Over time I’ve got into a routine of writing in the evenings (I’m more than happy to give up TV) and stick to it. My brain slips into “writing time” as I sit at my desk at roughly the same time each night. I schedule in my writing time so all my jobs are done during the day as I’m one of those people who can’t relax enough to write if I’ve anything outstanding. It does bug me! And above all I keep going. Persistence is a virtue!
I write novels long-hand and then use the typing up as my first edit. I usually manage to get rid of repetition during this process. I didn’t plan my first novel out in detail, it kind of evolved over time, but now I do work out plot details first. Does that stifle creativity? I don’t think so. I’ve found it triggers ideas and I can work out which of these I can use and where I can put them into my novel before actually writing it. It helps me not to go off the tangent and a plan helps me see gaps so I can then fill them in so I don’t write myself into a corner.
I edit, and edit, and edit. First edit is to get rid of repetition, including all unnecessary adjectives. Second edit is to look at the plot as a whole. Does it work? Is anything missing? By the time I get to a third read through and edit, I can usually spot where I can tighten the novel up further. At that point I think about sending it off somewhere!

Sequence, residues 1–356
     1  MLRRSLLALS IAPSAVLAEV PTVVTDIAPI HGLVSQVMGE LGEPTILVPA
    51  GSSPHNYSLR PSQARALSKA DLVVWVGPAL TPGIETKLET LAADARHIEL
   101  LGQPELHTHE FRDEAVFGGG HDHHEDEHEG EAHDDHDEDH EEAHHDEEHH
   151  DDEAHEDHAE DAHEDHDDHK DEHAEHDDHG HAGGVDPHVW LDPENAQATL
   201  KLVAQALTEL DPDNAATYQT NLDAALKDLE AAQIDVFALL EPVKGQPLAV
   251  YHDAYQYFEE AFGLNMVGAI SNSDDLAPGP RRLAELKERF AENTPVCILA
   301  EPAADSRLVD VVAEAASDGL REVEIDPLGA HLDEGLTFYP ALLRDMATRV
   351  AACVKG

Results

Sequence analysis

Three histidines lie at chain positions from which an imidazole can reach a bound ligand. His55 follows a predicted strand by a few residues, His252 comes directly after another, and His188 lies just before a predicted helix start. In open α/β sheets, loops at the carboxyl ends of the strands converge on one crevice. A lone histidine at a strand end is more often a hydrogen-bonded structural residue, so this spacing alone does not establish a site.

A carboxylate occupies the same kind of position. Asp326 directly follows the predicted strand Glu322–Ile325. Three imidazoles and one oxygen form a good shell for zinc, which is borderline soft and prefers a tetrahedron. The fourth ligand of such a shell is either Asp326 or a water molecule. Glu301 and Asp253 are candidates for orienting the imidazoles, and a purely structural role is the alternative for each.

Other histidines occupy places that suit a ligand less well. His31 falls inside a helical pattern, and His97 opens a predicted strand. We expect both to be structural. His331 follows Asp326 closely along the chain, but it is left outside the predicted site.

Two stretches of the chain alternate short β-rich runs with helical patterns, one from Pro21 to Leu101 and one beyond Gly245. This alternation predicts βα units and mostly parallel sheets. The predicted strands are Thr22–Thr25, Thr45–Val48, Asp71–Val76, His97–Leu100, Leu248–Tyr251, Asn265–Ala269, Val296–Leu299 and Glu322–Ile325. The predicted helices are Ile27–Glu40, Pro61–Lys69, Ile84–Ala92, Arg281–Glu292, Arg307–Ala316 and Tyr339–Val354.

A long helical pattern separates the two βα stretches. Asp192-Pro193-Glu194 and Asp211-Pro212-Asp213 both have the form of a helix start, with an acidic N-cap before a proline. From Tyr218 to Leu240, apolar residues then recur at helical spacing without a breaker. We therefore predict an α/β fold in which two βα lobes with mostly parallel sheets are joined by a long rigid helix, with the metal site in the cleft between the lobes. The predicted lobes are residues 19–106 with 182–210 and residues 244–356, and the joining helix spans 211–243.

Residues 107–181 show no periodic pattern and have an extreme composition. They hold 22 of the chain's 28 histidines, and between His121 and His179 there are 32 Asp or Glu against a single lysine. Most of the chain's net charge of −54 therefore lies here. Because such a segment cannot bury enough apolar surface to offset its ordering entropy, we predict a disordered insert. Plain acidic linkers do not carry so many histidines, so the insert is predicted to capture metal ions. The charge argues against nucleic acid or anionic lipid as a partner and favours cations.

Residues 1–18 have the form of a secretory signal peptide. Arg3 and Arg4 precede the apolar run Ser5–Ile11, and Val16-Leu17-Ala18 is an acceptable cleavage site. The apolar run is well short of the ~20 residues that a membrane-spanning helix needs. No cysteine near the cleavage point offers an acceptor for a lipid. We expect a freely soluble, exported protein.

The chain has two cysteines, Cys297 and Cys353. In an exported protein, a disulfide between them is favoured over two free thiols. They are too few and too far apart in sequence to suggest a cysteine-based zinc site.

Do spend time reading your work through on paper. I’ve lost count of the number of things I spotted on paper I totally missed on screen. There must be a psychological reason behind that but it won’t impress an editor! I always use the reverse side of anything I’ve worked on as scrap paper. Ensure toner/ink cartridges are up to scratch. If you’re wondering whether you need to change them before sending anything out, the answer is yes, you do! Editors/agents are looking for reasons to turn you down so don’t give them any!
Knowing Your Market
Think about your market carefully. Do you know who your latest story, novel is aimed at? Can you sum it up quickly (ideally in one sentence)? And do write what you love. Nobody can second guess how the market will go and I believe that if you write with true enthusiasm it will show in your work. I also believe if you try to write something to fit a perceived market, that will also show in your work.